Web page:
Aventria Health Group
High-performing Provider Organizations Support Clinicians and Patients Through Standardized Care
Pharmaceutical market access vice presidents, executive directors, market access marketing, and brand leads:
We recently discussed the change in the organized provider (large community practices and health systems) business model, which is evolving to growth strategies intensely focused on operational excellence, differentiation through high-satisfaction patient/member experience, and innovation through new capabilities. High-performing provider organizations are achieving these goals, in part, through standardized care plans.
Provider Organizations Help Teams Deliver Quality Care
While the pandemic skyrocketed the use of technology in health care delivery, other irrevocable realities garnered less focus yet are equally critical. These realities, when coupled with these advances in technology, have accelerated the speed of change in the health care industry.
Here’s an example of one reality: There are 800,000 journal articles published every year, and we double what we know in medicine every 73 days. Meanwhile, new data capabilities mean that payers, stop-loss carriers, and medical malpractice entities are increasingly able to evaluate the quality of care delivered by individual physicians and provider organizations. Add these mega-trends together and the result is an existential need for provider organizations, at the practice level, to help their clinical teams deliver best-practice evidence-based care.
Standardizing Care Is Essential
While there are a number of factors in play when it comes to improving efficiency and quality across time and entire patient populations, it is inarguable that care must be standardized at some level. Certainly, every patient is an individual; but every individual is a human—and there are basic truths, precepts, and research for what good care includes and constitutes at different points in the care journey and for differing diagnoses.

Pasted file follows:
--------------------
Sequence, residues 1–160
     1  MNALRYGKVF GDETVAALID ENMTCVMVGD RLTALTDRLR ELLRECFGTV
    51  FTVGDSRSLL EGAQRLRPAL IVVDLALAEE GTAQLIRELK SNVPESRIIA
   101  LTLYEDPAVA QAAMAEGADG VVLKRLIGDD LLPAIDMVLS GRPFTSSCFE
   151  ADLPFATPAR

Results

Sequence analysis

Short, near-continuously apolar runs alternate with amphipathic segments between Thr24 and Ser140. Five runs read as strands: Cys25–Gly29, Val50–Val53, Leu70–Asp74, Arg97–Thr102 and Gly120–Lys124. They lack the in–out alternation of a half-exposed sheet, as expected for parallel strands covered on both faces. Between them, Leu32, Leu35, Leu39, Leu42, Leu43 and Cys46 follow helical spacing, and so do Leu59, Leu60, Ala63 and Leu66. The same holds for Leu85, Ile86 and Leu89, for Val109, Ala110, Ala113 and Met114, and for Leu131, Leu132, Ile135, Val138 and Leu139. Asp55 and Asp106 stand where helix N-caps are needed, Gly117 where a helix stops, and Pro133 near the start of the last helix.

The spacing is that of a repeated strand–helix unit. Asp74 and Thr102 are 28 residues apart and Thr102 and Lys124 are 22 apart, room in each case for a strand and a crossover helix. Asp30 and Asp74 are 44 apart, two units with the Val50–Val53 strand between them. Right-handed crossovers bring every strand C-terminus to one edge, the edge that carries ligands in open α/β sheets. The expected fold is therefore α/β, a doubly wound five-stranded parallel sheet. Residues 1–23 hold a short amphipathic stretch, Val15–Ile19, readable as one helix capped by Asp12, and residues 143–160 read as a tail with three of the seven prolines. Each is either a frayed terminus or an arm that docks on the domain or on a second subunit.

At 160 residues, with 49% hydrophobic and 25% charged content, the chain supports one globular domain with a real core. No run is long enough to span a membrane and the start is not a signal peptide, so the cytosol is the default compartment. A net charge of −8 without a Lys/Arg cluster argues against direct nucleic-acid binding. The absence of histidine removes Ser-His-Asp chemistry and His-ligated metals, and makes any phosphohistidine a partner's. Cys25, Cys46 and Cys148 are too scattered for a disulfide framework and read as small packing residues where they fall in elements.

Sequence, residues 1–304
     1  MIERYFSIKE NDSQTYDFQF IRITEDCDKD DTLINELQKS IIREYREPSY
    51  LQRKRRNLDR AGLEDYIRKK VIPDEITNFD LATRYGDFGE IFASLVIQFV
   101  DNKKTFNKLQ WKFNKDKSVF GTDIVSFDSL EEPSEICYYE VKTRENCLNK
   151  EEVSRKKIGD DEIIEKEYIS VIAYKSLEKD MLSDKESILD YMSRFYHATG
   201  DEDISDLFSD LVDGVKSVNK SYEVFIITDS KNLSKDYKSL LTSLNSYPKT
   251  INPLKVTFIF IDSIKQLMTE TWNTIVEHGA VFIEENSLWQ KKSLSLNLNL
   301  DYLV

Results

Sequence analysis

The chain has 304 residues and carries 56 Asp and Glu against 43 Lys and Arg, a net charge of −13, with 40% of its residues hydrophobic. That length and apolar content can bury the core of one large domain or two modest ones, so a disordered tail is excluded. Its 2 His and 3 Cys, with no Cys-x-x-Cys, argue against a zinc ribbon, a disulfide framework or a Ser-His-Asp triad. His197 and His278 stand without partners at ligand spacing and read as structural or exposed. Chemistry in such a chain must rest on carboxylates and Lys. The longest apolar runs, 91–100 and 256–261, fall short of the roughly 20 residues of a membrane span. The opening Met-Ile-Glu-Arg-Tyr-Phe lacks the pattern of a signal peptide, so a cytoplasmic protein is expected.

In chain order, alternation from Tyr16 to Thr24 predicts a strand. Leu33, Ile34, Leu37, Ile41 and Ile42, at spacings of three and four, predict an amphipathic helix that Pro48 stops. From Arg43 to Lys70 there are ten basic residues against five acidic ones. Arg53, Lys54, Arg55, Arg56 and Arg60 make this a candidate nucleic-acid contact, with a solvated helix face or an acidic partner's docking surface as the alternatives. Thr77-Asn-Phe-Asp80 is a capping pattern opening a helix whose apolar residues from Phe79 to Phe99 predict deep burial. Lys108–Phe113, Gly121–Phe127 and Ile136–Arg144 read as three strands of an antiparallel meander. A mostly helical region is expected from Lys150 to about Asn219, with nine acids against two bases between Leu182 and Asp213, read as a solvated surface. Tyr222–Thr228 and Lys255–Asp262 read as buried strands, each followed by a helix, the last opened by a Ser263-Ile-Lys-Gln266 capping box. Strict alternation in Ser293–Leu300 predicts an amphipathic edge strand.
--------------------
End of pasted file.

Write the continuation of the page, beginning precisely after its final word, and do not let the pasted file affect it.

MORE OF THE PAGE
High-performing provider organizations almost always proactively support clinicians and patients with evidence-based care plans, sometimes called pathways. Without consistent use of care plans across any given practice, the quality of care will always regress to the mean. What this means, borne out by any number of mathematical algorithms, is that without effective care standardization, the average of care will always be the top of the bell curve, hovering around 65% to 70% of any given measure.
Some have asked why a poor use of care plans inevitably results in lackluster performance. The answer is because there will always be great physicians (the 95 percenters) and not-so-great physicians (the 45 percenters). Raising the average means deploying care standards that push up poor performers.
But those great performers? Consider this: They probably use some form of care plans themselves whether they realize it or not. Otherwise, they would not be consistently great. Furthermore, team-based care is becoming commonplace; and every team needs a playbook—otherwise known as a book of care plans that everyone on the team synchronizes their efforts around.
Learn more about how pharmaceutical brands can collaborate with high-performing IDNs using care plans.
To learn about Aventria’s OGE® Care Plan solution and how we can help you deploy with confidence this proven technology platform that may strengthen your collaborations with organized providers, please reach out to:
Dave Dierk, Co-President, 30-year sales and marketing thought leader in pharmaceutical diagnostics, biomedical, long-term care, managed care, employer, and pharmacy communications, at firstname.lastname@example.org.
Paul G. Pochtar, RPh, 25+ years of experience in leading the successful commercialization of both primary care and specialty pharmaceuticals throughout their life cycle, including several landmark oncology products and other specialty therapeutics, at email@example.com.
Making a difference in patient care by helping patients, providers, and payers collaborate on shared priorities